Michael and Mrs. Applebee were headed down the wide path again. "Michael?" said Mrs. Applebee, "Why do you look so glum?" "Because we're almost finished with all of the fairies!" said Michael. "But we're just beginning!" said Mrs. Applebee. "What do you mean?" asked Michael. "You shall see!" said Mrs. Applebee with an wink.
They walked down the wavy path until they got to a clump of yellow plants, and two little fairies chasing each other. "BOYS!" said Mrs. Applebee. "Oh hello mother!" said the fairy that matched the plants. "Yes, hello mother!" said the fairy that was only wearing an X shirt and small shorts - a little bit like the U fairy. "This is Michael." said Mrs. Applebee. "Oh my goodness!" said the fairy, "My name is Yellow Deadnettle." "And mine is just X." said the one with the X on its shirt. "I know it's not a very good name." "I think it's a fine name!" said Michael, "and I think it suits you perfectly!" "Why thank you!" said X. "So are you and Yellow Deadnettle very close like U and V?" asked Michael. "Well," said Yellow Deadnettle "listen to our song and you shall see."
You saucy X! You love to vex
Your next-door neighbour Y:
And just because no flower is yours,
You tease him on the sly.
(...the rest is in the Flower Fairies Alphabet)
"So you're not exactly friends?" asked Michael. "No." said X, "I love to chase Yellow around all of the time!" "It's a bit annoying sometimes!" said Yellow Deadnettle. "Well, you know what's next, Michael." said Mrs. Applebee. "A saint!" exclaimed Michael. "Not just one saint, but TWO!" said X. "Our saints are Francis Xavier..." "And Joseph Yuen." said Yellow Deadnettle as they both pulled out their own copies of the red book.
"Saint Francis Xavier spread the word of Jesus all around the world" said X. "He was very good at telling people about God." "And Saint Joseph Yuen did the same thing." said Yellow Deadnettle. "He spoke the word of God to others. He was killed while telling people about Jesus while in a foreign land."
"Those are good Saints. I think I will try telling people about God more often." said Michael. "Good!" said X as he put away his red book. "And maybe that will make you a saint also." said Yellow Deadnettle as he also put away his copy of the red book. "Well, I suppose it's time to walk to Z...OH NO!" said Michael. "What is it?" asked Mrs. Applebee. "Z! That's the very last letter, Mrs. Applebee!" cried Michael. "Yes I know. Zinnia is a lovely fairy. You will adore meeting her!" said Mrs. Applebee. "I think the fairies might have a little surprise for you also." said Mrs. Applebee with a wink.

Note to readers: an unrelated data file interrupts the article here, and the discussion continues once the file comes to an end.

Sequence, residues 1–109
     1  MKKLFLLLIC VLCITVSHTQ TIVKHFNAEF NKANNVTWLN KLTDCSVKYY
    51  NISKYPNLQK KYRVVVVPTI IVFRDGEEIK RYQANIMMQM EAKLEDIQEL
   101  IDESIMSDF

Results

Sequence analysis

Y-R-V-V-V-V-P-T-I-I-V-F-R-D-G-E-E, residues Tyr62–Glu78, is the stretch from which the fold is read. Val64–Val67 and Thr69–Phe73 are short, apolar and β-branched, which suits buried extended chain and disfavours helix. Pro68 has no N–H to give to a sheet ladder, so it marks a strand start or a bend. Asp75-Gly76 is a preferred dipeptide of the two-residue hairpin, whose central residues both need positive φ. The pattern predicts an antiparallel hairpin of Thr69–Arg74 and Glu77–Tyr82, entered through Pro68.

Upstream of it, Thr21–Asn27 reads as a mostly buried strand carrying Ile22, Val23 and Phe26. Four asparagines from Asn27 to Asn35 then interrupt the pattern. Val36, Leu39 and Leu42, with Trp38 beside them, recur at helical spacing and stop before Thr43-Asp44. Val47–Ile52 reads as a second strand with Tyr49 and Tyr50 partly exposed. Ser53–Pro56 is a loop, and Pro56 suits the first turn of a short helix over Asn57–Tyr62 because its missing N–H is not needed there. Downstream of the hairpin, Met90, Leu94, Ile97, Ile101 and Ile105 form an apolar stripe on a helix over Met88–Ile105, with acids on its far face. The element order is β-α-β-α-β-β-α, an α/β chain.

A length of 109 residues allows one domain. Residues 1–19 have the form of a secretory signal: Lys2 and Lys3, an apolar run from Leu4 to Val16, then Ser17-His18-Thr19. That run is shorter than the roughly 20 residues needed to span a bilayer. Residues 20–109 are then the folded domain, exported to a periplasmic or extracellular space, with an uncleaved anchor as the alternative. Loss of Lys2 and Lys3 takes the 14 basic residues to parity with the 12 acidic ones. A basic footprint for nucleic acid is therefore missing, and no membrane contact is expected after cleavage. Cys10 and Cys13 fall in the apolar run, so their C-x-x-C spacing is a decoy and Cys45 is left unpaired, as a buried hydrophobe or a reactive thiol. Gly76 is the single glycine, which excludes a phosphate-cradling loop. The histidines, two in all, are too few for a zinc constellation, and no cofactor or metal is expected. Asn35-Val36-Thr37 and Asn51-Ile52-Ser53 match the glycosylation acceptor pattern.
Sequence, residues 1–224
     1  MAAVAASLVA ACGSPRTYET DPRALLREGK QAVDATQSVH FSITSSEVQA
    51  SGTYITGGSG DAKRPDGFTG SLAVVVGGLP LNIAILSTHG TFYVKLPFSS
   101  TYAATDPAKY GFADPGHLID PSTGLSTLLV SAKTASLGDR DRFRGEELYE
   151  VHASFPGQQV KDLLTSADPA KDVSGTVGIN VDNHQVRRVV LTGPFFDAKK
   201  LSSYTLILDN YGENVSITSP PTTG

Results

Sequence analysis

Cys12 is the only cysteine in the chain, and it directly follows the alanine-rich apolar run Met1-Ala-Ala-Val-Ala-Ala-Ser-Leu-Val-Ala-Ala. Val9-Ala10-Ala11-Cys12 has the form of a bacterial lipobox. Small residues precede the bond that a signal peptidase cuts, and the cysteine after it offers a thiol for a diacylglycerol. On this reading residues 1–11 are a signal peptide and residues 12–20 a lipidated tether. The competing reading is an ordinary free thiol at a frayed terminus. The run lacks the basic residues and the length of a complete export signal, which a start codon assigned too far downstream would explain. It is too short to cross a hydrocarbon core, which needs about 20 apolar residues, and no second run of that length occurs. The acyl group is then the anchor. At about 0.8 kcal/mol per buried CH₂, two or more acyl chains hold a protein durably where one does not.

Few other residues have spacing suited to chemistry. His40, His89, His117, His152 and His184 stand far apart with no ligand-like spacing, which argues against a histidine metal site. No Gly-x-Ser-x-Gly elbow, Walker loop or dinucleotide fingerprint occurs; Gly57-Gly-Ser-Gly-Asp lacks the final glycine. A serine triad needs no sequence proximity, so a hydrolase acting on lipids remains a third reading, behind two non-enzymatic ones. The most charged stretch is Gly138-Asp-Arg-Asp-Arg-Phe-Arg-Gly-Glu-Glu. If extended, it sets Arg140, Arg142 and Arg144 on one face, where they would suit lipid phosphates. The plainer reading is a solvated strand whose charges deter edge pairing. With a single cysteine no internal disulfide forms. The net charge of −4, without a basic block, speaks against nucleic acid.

Michael and Mrs. Applebee walked down the path. Michael was sad that they were reaching the end but happy because there was a surprise yet to see. And there have been so many great surprises already that he was sure this one would be simply grand.
Lesson Plans: You can use the drawing of St. Francis Xavier and St. Joseph Yuen in the book as a visual when telling this story. ( Download yellow_deadnettle.pdf )You may want to print it on card stock and add it to your child's main lesson or sketch book. It can be added to your child's main lesson book as well.
Language: Use the Letter X in the St. Francis Xavier and the Y in the St. Joseph Yuen picture as an introduction to letter formation. Have the child trace the X and Y with his or her finger. Practice the Letter X and Y by copying the model drawing. Children can use the small poems in the Catholic Alphabet of Saints for copywork and use The Song of the Yellow Deadnettle as copywork, too. Sing the song as well and soon it will be memorized.
(Don't try to do it all--these are options for science and nature study)
- After the story has been told, you can research the botanical information and record them in a sketchbook or main lesson book. Or perhaps you would prefer flower storybook paper for letter writing practice and copywork. (An older child can do this independently, but a younger child can give an oral narration which you write or keyboard for him or her.)